Congressional Alternatives in the Wake of City of Boerne V. Flores: The (Limited) Role of Congress in Protecting Religious Freedom from State and Local Infringement
Daniel O. Conkle
Indiana University Maurer School of Law
University of Arkansas at Little Rock Law Journal, Vol. 20, p. 633, 1998
This article discusses and analyzes City of Boerne v. Flores, the Supreme Court's 1997 decision invalidating the Religious Freedom Restoration Act of 1993 (RFRA) as applied to state and local governments, and it explores a variety of ways in which Congress might respond to Boerne with legislation that might survive constitutional scrutiny. In particular, the article addresses the following statutory possibilities: more narrowly tailored legislation grounded on Section 5 of the Fourteenth Amendment; RFRA-like legislation grounded on Congress's power over interstate commerce or its power to implement treaties; and spending-power legislation imposing RFRA-like conditions on the receipt of federal funding by state and local governments. Based on an analysis of constitutional doctrine and a consideration of relevant constitutional policies, the article concludes that spending-power legislation might be not only the safest congressional response to Boerne, but also the most sensible and appropriate.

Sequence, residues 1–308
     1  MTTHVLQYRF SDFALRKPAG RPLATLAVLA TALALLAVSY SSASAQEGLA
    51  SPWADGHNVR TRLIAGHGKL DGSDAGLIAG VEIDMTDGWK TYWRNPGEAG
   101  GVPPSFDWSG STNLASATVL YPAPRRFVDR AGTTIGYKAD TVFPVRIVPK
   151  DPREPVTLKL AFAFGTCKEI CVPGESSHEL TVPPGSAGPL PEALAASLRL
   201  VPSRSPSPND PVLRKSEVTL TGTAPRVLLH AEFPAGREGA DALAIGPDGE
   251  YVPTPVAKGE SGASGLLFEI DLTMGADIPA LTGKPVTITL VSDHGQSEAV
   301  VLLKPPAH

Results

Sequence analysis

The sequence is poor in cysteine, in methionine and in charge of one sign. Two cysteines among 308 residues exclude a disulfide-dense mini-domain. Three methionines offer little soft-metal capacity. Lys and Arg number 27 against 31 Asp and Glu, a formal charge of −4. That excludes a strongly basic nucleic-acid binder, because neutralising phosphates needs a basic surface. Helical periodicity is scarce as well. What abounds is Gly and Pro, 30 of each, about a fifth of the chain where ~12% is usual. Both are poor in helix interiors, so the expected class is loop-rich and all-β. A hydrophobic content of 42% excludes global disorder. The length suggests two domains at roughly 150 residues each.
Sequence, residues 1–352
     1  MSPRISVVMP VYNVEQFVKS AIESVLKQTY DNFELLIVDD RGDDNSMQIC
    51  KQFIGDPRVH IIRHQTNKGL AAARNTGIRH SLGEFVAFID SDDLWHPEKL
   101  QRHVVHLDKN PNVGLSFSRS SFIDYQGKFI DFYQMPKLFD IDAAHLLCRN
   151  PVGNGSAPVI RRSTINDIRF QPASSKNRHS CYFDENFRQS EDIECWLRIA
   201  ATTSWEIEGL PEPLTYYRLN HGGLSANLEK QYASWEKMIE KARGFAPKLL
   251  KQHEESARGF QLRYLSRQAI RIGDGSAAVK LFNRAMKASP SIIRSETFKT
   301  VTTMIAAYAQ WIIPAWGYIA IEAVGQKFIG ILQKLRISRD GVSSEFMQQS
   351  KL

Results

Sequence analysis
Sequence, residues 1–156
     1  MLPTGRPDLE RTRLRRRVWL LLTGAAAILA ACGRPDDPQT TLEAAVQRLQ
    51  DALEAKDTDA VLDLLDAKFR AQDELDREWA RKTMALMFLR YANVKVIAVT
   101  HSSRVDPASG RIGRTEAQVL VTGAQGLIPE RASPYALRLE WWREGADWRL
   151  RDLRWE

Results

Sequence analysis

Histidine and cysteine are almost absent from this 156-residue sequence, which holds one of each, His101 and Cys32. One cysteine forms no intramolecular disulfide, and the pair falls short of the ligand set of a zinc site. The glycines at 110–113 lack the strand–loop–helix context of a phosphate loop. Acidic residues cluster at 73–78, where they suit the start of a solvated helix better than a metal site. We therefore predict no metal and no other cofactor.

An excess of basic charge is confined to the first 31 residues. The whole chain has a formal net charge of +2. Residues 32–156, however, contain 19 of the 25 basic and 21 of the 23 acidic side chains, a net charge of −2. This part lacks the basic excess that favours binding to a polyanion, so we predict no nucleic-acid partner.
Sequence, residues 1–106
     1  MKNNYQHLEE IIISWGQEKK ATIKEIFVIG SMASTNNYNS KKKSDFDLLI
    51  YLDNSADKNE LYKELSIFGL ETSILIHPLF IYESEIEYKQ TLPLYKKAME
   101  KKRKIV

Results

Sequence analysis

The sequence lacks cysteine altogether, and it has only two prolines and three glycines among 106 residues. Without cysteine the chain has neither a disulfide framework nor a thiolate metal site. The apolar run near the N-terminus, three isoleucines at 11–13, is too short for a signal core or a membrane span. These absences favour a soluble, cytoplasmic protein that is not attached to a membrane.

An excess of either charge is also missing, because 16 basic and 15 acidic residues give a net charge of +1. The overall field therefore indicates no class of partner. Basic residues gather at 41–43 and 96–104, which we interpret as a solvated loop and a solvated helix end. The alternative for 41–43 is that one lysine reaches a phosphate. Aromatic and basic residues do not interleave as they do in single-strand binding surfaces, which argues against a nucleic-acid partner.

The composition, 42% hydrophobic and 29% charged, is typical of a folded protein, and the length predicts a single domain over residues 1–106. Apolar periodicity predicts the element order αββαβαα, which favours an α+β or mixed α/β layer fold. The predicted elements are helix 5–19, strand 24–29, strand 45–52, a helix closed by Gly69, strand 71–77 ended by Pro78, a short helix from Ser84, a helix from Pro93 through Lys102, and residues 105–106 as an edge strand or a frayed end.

Number of Pages in PDF File: 56
Keywords: Constitutional Law, Congressional Power, Commerce Power, Spending Power, Treaty Power, Fourteenth Amendment Section 5 Power, Free Exercise Clause, Religious Liberty
JEL Classification: K00, K10, K19, K30, K39Accepted Paper Series
Date posted: December 5, 2006
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